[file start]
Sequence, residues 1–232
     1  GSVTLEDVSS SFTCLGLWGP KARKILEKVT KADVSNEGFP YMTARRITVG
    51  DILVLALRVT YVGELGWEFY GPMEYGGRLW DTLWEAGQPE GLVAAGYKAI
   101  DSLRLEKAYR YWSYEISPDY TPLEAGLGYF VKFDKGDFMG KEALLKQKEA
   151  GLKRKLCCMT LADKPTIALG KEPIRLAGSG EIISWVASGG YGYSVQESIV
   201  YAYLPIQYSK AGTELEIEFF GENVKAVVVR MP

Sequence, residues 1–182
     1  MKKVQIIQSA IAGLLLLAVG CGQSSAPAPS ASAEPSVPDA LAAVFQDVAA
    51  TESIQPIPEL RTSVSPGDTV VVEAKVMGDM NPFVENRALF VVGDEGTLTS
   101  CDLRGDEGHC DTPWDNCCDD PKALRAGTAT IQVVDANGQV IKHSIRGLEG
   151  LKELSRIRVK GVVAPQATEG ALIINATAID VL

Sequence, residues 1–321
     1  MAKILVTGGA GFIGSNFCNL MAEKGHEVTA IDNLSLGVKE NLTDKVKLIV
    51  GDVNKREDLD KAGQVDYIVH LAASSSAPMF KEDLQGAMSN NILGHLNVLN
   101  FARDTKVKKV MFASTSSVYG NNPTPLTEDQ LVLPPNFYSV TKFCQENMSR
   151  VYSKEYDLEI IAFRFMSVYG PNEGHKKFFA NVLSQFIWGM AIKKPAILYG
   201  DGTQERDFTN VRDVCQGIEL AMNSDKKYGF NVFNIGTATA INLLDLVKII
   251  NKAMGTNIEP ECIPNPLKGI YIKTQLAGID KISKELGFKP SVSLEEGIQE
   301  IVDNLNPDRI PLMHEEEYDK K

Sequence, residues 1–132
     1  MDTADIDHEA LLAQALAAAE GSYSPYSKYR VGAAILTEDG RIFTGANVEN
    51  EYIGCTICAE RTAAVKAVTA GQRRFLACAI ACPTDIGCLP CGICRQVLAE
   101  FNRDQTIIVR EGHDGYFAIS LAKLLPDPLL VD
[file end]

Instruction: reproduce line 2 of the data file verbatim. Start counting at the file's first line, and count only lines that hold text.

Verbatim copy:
     1  GSVTLEDVSS SFTCLGLWGP KARKILEKVT KADVSNEGFP YMTARRITVG